The labour movement wants to be relevant to more workers as jobs transform.
To do so, it is getting more involved in company training so that workers can have better job prospects by being ready for new technology and business models.
It is also creating new types of unions to represent more workers, and is calling for the retirement and re-employment ages to be raised to 65 and 70 respectively, to help senior workers.
Labour chief Ng Chee Meng told the media that the aim is to have 1,000 company training committees within the next three years, reaching some 330,000 workers.
This will help workers accept and adopt technology more readily and help companies reap the benefits of their investments, he said.
He raised the idea during the Budget debate in February.
HELP WORKERS GET HIGH-TECH
There are companies that spend a few hundred million dollars on new technology capitalisation and then realise halfway through or, even worse, later, that the workers don't know how to use it, and the workers refuse to use it.
LABOUR CHIEF NG CHEE MENG
"There are companies that spend a few hundred million dollars on new technology capitalisation and then realise halfway through or, even worse, later, that the workers don't know how to use it, and the workers refuse to use it," said Mr Ng, who is National Trades Union Congress (NTUC) secretary-general and Minister in the Prime Minister's Office.
Unions will help companies put together training schedules and bring in expertise from educational institutes to design the training, as well as encourage companies to transform so that workers' jobs improve.
He and NTUC president Mary Liew said in a joint May Day message today that there are 18 committees so far.
Given the fourth industrial revolution, "workers must be trained in tandem, as Workers 4.0, to not only keep up with this transformation, but secure better work prospects", they said.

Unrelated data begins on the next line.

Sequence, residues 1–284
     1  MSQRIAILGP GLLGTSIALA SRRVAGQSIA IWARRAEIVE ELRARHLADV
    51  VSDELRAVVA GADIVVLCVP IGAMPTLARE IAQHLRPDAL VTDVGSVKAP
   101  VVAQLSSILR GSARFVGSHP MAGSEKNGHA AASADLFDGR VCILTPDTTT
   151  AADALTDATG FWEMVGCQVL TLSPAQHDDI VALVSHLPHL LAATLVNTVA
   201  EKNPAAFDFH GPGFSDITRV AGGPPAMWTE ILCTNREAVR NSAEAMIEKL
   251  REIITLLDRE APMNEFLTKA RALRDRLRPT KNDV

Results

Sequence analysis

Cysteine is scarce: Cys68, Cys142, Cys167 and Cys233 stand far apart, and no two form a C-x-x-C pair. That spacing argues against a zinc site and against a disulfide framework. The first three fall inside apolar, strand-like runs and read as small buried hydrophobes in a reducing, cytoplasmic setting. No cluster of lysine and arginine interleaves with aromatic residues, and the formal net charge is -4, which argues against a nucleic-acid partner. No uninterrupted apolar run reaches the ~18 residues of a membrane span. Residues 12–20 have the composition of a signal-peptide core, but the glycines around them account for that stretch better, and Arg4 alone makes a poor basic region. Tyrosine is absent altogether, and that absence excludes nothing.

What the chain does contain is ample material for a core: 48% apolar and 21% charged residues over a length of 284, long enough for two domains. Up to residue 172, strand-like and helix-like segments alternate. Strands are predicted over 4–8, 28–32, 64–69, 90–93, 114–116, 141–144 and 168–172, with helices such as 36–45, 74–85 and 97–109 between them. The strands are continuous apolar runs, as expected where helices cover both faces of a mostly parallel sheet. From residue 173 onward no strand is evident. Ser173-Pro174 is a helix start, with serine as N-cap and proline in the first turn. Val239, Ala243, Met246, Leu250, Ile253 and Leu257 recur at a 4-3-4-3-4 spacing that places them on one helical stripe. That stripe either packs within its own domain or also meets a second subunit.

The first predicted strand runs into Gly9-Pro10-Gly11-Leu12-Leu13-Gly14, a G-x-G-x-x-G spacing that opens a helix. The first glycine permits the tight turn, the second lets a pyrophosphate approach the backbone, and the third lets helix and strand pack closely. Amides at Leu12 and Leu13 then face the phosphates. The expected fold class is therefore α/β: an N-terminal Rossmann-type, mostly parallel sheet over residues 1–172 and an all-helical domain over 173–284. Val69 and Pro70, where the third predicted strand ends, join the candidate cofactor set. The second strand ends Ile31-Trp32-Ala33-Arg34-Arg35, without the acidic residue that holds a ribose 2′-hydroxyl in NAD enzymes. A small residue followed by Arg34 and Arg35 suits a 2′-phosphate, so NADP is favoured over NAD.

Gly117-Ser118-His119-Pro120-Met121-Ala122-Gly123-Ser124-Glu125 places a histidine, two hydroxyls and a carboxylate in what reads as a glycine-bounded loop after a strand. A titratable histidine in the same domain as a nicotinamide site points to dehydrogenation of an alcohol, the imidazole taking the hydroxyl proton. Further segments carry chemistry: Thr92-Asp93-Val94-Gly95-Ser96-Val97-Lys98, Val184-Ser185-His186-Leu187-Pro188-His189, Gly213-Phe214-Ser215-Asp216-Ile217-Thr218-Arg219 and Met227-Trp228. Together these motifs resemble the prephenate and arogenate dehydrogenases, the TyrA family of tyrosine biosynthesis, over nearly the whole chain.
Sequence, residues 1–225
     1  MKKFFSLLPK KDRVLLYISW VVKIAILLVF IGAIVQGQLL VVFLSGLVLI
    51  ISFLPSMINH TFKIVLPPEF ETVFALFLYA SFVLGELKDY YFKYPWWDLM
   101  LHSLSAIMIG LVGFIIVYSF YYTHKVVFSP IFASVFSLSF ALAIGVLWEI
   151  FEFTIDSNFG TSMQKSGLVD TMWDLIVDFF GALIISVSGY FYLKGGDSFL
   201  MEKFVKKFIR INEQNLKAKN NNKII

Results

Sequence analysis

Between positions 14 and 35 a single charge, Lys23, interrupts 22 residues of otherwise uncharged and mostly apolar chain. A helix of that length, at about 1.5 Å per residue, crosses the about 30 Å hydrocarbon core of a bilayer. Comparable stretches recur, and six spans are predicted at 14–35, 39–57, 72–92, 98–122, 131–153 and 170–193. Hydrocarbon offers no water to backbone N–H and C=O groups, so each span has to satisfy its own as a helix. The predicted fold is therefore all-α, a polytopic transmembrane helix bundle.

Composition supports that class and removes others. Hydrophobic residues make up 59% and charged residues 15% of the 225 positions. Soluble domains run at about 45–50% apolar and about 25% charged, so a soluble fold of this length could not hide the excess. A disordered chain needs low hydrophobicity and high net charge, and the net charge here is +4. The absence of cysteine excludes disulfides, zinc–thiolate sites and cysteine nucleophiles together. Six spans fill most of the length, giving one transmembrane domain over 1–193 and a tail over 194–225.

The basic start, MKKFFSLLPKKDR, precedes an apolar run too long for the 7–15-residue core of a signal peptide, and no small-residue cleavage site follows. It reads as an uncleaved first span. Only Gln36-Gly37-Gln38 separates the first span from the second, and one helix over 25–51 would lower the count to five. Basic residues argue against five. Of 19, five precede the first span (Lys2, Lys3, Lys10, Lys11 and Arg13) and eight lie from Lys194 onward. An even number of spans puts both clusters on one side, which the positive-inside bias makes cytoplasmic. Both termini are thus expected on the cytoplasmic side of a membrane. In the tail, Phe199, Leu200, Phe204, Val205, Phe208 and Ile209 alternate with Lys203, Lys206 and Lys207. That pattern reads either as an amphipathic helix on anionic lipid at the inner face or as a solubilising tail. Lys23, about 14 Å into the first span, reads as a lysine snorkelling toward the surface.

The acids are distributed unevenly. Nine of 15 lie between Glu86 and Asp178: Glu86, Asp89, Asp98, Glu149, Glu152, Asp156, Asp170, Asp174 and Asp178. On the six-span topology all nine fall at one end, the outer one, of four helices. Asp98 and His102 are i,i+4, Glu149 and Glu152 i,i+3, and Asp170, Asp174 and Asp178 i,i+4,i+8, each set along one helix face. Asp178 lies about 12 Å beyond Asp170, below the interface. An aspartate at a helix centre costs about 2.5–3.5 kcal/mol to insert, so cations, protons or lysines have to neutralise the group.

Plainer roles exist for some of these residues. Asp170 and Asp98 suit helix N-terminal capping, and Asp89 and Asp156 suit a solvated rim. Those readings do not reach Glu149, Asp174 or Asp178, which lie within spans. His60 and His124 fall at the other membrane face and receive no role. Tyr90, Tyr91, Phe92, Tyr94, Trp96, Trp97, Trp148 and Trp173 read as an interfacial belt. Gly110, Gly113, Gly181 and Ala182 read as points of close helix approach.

Their message comes in the 50th year since the Trade Union Seminar on Modernisation of the Labour Movement, where the NTUC and the Government began a more collaborative approach to industrial relations management together with businesses.
They also said that the labour movement is innovating to remain relevant and representative, as more workers are in professional, manager and executive (PME) roles.
For example, the Supply Chain Employees' Union was formed last year to represent workers of all levels, including PMEs, in the logistics industry, while the Singapore Bank Officers' Association was repositioned as the Banking and Financial Services Union to serve all workers in the industry and help them cope with the impact of disruption.
Mr Ng said the number of PME union members is rising, but not at a rate that is satisfactory.
"NTUC would like very much to assist PMEs. So we are looking at what value we can bring into this space for you that will cause you to join NTUC," he said.
It also recognises that cost of living remains a key concern for workers, and continues to push for better wages for low-wage workers, such as through the progressive wage model for lift technicians, which sets compulsory wage floors at different skill levels.
As for older workers, Mr Ng said NTUC wants to see the retirement and re-employment ages raised to 65 and 70 respectively, up from 62 and 67 now.
The Tripartite Workgroup on Older Workers will make recommendations this year on raising the two ages, and on Central Provident Fund rates for such workers.
"We are conscious that businesses will be concerned about the impact on cost and this is where we will help our older workers upskill and reskill so that they can contribute productively if they so wish to continue working," said Mr Ng, adding that the best policy is one that can serve workers and businesses in a sustainable manner.